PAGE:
Factors that contribute to cachexia include anorexia and a number of associated metabolic alterations, including increased inflammatory status and increased muscle proteolysis. The weight loss associated with cachexia differs from that seen in a healthy person (or cat) who loses weight. In a healthy individual who is receiving insufficient calories to meet daily requirements, metabolic adaptations allow fat to be used as the primary fuel source, thus preserving lean body mass as much as possible. In contrast, the primary fuel source in patients with acute or chronic illness is amino acids; there- fore, these patients catabolize muscle (lean body mass) and waste muscle.3,16 Therefore, loss of lean body mass is a hall- mark of cachexia, and fat is lost to a lesser degree. The loss of lean body mass has direct and deleterious effects on strength, immune function and survival.3,16

    Total weight loss is an insensitive measure of muscle loss, so using weight loss as the sole diagnostic criteria reduces one’s ability to identify cachexia until its more advanced stages. In addition, there are certain types of cachexia (cardiac cachexia with pleural effusion) in which weight loss is masked by the accumulation of fluid. Another reason for using factors other than total weight loss for a diagnosis of cachexia is that this is a gradual process. Loss of lean body mass generally develops before marked weight loss can be detected.

    Therefore, we should use clinical techniques to identify lean body mass loss at an early stage, if possible, at a time when treatments are much more likely to be successful. The muscle condition score (MCS) should be evaluated in every cat at every visit, in addition to the body weight, body con- dition score (BCS) and diet history (see below).25,26

    Sarcopenia Significant loss of lean body mass can develop with aging.

    This loss of lean body mass — termed sarcopenia — occurs in the absence of disease, though cachexia and sarcopenia can occur concomitantly.1,2,17,27-29 In contrast to cachexia, which has been known for centuries, the term sarcopenia (from the Greek “sarx” or flesh plus “penia” or loss) was only first proposed in 1989 to describe this age-related loss of muscle mass and strength.30

    In people, sarcopenia actually begins early in life, with a 30% reduction in muscle mass from 30 to 80 years of age. In sarcopenia, loss of lean body mass often is generally accompanied by an increase in fat mass, then referred to as sarcopenic obesity,31,32 so the total weight may not change or may even increase, thus masking the sarcopenia. Like cachexia, sarcopenia has important clinical implications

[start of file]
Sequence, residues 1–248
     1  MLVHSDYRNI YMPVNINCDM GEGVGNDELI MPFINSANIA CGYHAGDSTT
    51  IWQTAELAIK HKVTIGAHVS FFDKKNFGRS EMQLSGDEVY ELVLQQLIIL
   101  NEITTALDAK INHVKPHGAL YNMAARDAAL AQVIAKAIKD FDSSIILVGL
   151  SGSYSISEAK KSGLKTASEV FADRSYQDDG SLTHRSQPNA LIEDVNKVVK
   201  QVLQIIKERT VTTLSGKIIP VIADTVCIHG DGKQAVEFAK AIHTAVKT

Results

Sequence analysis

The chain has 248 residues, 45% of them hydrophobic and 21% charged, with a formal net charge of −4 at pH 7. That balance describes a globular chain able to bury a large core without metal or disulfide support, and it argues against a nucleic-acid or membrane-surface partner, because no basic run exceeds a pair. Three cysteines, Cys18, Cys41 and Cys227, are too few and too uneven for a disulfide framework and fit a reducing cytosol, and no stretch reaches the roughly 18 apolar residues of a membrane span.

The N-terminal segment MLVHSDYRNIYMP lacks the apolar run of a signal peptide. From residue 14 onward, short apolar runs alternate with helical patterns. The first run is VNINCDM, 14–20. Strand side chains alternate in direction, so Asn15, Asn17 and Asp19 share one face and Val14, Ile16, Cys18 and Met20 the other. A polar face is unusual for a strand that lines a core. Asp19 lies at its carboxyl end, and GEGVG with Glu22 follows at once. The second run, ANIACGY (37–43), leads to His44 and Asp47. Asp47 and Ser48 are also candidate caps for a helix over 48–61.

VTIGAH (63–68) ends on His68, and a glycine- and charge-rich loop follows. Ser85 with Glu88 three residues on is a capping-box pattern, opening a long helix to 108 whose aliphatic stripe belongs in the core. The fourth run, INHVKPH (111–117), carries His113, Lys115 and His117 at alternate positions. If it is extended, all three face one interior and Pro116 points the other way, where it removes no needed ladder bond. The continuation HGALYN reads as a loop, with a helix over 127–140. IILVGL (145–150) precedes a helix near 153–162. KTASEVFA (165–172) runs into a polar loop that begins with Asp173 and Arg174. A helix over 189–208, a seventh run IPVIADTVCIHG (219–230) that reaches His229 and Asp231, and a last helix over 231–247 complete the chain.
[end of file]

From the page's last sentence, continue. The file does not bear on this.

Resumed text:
because it is associated with physical disability, poor quality of life and increased risk of death.33

    Few studies investigating sarcopenia have been conducted in client-owned cats, but available information shows that cats also lose lean body mass during aging.22,34-36 In our survey of 255 cats older than 7 years of age that presented for a routine wellness examination, 96 (37.6%) cats had evidence of muscle wasting (Figure 1). As cats aged, the

    Figure 1. (A) Bar graphs depicting the body condition score (BCS) of 255 clinically normal cats categorized into three groups based on their life stage (mature, senior or geriatric). As the life stage of the cats increases from mature to geriatric, notice that the prevalence of fat cats decreases while the prevalence of thin cats increases (P

  • COMPANION ANIMAL NUTRITION SUMMIT | MAY 3-5, 2018 | CHARLESTON, SOUTH CAROLINA 67

    prevalence of muscle wasting progressively increased, rising from 22% of mature cats (7 to 10 years) to 54% of senior cats (11 to 14 years) and up to 77% of geriatric cats (≥15 years). In addition, a progressive rise in the prevalence of moderate and severe muscle wasting was noted in the cats as they aged (Figure 1A). As the cats aged and lost muscle mass, a progressive rise in the number of underweight cats also was observed (Figure 1B), in accord with previously reported studies.22,34-36

    Metabolic Causes for Muscle Wasting In addition to cachexia and sarcopenia, muscle wasting

    can develop as a result of hypermetabolic endocrine disease. In cats, common metabolic causes for muscle wasting include hyperthyroidism and diabetes mellitus, the two most common endocrine diseases of the cat.6,8,9,37 Since many of these hyperthyroid and diabetic cats are older, sarcopenia also likely plays a role in the loss of muscle mass in these cats.

    Weight loss despite an increased appetite is the classic and most common sign seen in cats with hyp